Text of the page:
Facebook Watch rolls out globally in bid to take on YouTube

Aug 31, 2018, 03:03
Facebook Watch rolls out globally in bid to take on YouTube

Facebook is primarily rolling out the Watch service globally to boost its advertisement revenue.

If this platform is new to you, Facebook announced Watch a year ago where they started with a launch in the United States first. Ad breaks are now available to eligible content creators in the U.S., UK, Ireland, New Zealand, and Australia, Facebook announced.

"Taking Watch global also means new opportunities for creators and publishers around the world". An additional 21 countries will get monetization turned on in September, which should add a decent amount of inventory.

Facebook's effort to become the new AOL with an all inclusive "internet" that keeps users within their website continues today with the global launch of Facebook Watch. "Every month, more than 50 million people in the USA come to watch videos for at least a minute in Watch - and total time spent watching videos in Watch has increased by 14x since the start of 2018", Facebook said in a statement. The user can also save videos from News Feed in Watch to view later. The service is a competitor to the likes of YouTube, Netflix, Amazon Video, BBC iPlayer, and Instagram TV.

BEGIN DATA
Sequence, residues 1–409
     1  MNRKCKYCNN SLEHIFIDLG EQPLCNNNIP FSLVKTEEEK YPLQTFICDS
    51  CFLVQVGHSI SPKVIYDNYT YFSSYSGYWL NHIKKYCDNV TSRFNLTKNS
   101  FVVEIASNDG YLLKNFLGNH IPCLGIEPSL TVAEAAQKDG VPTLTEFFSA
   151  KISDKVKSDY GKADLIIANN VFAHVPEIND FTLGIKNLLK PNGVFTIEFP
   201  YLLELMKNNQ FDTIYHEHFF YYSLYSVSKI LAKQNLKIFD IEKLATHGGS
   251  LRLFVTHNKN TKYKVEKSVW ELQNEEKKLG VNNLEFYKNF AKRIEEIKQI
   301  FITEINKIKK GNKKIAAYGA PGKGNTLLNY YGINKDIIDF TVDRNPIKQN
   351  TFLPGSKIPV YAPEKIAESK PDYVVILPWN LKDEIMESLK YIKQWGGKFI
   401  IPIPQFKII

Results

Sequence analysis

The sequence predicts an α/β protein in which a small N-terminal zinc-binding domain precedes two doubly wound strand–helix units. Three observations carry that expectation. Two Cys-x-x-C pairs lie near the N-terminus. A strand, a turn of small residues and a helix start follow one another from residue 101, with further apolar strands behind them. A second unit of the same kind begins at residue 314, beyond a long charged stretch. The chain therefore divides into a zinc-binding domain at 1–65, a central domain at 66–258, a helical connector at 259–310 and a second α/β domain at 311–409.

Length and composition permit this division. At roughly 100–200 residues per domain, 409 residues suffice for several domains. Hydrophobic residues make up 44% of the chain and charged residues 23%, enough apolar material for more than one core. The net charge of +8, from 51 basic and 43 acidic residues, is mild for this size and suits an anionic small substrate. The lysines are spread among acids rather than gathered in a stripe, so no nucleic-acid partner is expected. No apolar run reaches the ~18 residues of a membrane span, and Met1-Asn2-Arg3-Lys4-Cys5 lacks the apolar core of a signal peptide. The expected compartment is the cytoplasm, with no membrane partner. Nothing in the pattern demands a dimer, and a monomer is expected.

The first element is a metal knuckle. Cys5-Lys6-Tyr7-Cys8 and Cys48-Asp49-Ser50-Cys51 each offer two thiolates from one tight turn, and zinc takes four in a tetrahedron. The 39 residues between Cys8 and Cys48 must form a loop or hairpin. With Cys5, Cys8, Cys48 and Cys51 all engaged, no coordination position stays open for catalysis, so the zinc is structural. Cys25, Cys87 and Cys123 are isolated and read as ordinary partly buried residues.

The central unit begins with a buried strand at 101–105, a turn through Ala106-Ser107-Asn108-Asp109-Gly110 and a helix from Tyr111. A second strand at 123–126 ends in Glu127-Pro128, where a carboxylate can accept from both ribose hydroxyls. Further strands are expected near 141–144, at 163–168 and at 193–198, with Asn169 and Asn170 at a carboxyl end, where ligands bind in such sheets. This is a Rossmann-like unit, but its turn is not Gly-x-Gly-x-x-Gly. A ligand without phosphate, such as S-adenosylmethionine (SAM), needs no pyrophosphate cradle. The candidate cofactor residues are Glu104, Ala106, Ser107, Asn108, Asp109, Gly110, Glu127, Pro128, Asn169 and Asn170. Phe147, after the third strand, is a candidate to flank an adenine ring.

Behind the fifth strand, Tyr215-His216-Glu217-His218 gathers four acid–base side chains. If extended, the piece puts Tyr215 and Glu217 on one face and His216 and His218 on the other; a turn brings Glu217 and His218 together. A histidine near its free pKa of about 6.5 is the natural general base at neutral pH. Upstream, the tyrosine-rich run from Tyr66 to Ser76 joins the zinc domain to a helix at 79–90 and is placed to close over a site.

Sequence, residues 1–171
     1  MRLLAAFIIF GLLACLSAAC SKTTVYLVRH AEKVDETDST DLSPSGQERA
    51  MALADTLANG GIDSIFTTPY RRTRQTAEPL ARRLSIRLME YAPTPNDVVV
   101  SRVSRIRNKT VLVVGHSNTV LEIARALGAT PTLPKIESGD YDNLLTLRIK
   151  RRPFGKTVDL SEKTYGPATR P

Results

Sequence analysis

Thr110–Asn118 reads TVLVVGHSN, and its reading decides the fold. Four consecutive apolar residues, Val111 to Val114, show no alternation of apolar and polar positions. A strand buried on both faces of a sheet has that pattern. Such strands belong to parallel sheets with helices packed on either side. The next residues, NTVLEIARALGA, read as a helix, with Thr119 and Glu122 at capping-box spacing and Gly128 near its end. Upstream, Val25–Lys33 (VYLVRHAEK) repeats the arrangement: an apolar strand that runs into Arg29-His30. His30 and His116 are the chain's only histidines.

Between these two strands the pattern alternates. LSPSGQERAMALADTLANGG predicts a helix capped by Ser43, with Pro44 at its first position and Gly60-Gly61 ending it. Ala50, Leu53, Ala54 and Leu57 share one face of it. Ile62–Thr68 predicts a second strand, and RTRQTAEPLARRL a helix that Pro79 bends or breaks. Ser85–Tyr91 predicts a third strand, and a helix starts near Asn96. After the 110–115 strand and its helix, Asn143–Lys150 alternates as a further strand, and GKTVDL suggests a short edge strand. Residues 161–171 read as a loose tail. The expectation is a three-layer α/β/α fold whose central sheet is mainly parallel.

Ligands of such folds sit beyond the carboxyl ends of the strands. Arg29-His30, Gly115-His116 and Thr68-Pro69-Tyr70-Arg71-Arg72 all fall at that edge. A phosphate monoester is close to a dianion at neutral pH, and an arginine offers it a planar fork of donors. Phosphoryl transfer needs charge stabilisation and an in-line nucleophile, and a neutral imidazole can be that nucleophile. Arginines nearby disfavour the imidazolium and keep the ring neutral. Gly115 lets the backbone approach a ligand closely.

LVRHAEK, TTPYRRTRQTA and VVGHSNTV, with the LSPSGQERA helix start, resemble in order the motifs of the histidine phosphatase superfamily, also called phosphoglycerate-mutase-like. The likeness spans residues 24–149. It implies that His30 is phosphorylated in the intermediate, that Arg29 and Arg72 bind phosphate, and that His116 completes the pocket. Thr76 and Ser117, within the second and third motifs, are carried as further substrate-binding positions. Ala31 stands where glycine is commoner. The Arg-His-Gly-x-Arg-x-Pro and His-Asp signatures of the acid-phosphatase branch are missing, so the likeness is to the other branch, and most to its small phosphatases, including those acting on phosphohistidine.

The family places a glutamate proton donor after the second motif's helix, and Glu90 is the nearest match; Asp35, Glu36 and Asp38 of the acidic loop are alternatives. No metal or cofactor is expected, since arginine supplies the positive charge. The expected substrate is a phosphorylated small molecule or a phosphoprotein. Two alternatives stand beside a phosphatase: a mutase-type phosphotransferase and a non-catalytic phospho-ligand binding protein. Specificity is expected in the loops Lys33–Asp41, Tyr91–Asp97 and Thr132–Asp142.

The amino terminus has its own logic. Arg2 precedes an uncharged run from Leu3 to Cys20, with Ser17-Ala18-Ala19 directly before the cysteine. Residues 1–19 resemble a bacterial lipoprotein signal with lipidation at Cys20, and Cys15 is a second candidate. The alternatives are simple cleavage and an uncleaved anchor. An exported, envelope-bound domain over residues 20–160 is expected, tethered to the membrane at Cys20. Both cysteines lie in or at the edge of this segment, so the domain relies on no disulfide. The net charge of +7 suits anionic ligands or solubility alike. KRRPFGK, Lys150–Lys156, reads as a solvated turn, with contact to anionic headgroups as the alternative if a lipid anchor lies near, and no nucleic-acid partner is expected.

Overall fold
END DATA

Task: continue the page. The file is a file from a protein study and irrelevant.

A way to catch up with creators and publishers you love: At the top of your Watch feed you'll see your Watchlist, a collection of recent videos from Pages you follow. Obviously, the goal is to help you find new videos to watch, ranging from sports and news to entertainment, and your feed will be personalized to match your interests.

Watch can be found in the shortcuts bar or in the "More" section on Android, and it's also available on Android TV, Apple TV, Fire TV, Samsung Smart TV, Oculus TV, and Xbox One.

Launched in the U.S. in 2017, the video service allows users to enjoy videos from different genres, including entertainment, sports and news in their personalised "Watch Feed" that carries a collection of recent videos from the pages they follow.

The company hasn't released much meaningful data on Watch user behavior.